Spain's leftist parties agree on budget

Spain's social democratic minority government has reached an agreement with the left-wing party Podemos on a joint draft budget. The budget ends the austerity policy and foresees an increase in minimum wages. But the support of the regional parties in the Basque country and Catalonia will be needed for the budget to be passed in parliament. Is the plan good for Spain and Europe?

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ABC (ES) /

Sánchez jeopardising economic recovery

ABC sees the pact with leftist Podemos as economically risky and politically misguided:

“The agreement is bad news and the best thing that could happen is if the budget isn't approved in parliament. The idea of increasing spending at a time when the economy was growing steadily after a decade of crisis is absolutely counterproductive and could cause grave damage to Spain in the immediate future. ... With complete imprudence Sánchez has opened the doors to the first real interventions of an decidedly anti-system party. ... The most sensible course would be to stick to a moderate budget in order to continue reducing debt and, if possible, lower taxes to boost domestic consumption.”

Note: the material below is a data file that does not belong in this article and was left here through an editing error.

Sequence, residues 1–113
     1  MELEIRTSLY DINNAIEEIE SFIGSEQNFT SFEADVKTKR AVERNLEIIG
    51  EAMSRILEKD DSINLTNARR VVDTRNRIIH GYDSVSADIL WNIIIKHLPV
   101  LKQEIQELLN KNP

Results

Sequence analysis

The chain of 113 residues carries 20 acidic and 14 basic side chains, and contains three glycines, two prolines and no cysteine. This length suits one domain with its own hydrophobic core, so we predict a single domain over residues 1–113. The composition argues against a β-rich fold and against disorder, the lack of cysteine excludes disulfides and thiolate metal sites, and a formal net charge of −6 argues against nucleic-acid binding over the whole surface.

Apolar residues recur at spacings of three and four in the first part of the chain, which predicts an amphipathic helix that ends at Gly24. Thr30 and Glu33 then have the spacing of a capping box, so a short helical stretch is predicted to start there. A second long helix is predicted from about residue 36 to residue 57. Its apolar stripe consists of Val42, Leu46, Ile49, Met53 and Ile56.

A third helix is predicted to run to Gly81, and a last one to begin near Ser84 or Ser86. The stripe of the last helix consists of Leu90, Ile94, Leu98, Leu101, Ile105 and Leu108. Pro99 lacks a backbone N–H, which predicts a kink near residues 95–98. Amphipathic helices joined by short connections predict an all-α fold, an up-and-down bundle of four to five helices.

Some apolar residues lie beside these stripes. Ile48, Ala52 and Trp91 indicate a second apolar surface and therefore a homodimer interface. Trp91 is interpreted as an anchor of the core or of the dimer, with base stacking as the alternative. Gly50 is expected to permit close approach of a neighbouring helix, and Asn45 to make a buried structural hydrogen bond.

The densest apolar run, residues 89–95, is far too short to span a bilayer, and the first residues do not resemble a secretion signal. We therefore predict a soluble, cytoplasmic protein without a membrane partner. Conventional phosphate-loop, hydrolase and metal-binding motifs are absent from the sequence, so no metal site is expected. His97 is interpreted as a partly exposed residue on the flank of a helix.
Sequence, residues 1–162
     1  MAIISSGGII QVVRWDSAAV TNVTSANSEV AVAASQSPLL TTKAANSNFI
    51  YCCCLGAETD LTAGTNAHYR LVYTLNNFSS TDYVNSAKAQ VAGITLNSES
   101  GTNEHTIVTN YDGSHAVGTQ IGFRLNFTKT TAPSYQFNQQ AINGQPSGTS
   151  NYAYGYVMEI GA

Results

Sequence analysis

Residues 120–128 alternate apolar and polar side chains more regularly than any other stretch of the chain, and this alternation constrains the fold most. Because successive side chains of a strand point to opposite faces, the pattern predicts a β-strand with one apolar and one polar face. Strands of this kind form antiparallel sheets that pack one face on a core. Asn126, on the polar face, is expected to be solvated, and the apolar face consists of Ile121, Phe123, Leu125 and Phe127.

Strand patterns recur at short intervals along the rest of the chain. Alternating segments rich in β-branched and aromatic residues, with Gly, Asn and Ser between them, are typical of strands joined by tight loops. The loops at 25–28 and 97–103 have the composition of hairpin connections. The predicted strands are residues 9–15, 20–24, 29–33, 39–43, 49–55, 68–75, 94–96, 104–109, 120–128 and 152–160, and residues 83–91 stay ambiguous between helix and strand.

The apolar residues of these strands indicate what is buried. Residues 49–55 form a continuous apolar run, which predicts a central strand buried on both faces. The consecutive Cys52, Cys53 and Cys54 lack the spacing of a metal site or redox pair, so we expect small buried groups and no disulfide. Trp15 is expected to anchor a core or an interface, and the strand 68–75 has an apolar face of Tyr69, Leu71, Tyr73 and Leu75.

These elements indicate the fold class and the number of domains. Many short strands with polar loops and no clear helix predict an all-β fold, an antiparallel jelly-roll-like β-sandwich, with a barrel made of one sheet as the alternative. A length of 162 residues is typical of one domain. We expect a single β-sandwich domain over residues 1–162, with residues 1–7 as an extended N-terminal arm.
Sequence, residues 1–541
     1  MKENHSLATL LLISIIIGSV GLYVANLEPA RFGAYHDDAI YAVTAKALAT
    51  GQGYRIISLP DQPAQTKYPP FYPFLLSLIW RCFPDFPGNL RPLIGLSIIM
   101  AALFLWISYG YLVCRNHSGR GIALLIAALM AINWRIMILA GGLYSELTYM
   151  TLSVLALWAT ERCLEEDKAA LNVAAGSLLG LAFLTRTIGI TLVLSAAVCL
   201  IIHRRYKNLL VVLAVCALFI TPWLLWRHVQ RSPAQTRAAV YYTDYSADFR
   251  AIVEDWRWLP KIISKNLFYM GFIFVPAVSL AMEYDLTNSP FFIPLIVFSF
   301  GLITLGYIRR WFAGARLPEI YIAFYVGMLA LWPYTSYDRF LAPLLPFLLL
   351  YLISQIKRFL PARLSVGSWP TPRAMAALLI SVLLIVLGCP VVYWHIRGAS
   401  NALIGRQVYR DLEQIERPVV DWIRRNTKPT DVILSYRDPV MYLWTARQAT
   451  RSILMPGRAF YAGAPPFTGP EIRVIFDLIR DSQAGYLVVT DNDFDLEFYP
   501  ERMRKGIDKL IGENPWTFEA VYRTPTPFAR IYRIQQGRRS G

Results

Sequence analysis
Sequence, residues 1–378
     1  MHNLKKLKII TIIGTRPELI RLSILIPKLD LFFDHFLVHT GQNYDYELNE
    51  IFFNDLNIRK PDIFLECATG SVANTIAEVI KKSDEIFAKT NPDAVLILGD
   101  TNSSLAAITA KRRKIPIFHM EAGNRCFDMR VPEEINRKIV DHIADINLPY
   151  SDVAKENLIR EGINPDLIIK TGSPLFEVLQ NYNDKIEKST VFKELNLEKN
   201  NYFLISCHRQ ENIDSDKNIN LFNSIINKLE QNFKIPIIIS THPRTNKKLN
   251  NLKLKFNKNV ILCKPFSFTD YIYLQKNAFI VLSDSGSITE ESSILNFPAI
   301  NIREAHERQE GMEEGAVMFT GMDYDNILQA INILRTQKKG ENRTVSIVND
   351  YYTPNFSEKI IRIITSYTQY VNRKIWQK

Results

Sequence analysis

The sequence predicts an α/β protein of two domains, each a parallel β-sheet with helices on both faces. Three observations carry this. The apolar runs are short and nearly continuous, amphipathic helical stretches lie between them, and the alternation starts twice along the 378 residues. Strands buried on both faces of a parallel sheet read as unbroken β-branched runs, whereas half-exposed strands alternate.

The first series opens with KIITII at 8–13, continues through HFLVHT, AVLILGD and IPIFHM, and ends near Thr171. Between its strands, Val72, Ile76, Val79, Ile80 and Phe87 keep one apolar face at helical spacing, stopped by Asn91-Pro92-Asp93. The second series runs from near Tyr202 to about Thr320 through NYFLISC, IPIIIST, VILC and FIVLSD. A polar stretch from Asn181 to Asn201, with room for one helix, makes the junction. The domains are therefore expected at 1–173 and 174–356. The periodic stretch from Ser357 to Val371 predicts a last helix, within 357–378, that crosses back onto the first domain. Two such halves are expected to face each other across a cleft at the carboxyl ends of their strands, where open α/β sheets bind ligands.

A model for Europe's left

The draft budget has strong symbolic significance for Europe, the news website TVXS believes:

“Europe's progressive political forces are following a good example and fending off attempts by Salvini and Le Pen to create a far-right front. Despite the differences and practical difficulties that complicate the issue, Spain's Social Democratic governing party has agreed with Podemos to raise the minimum monthly wage. ... The agreement also shows the way forward for social democrats and leftists if they want to stop the far right in Europe with measures that have a significant social and progressive connotation.”

El Periódico de Catalunya (ES) /

The separatists have the final say

The agreement sounds like a realistic plan but depends on the approval of the Catalan separatists, El Periódico de Catalunya points out:

“We could say that it's a classic social democratic budget. Containing more social justice than systematic revolution. ... This agreement revitalises Sánchez's government but it still doesn't guarantee its continuity, because it needs the support of the Basque nationalists and the Catalan separatists. ... The drama here lies in the fact that in the case of the Catalan groups, that support will have little or nothing to do with the content of the budget.”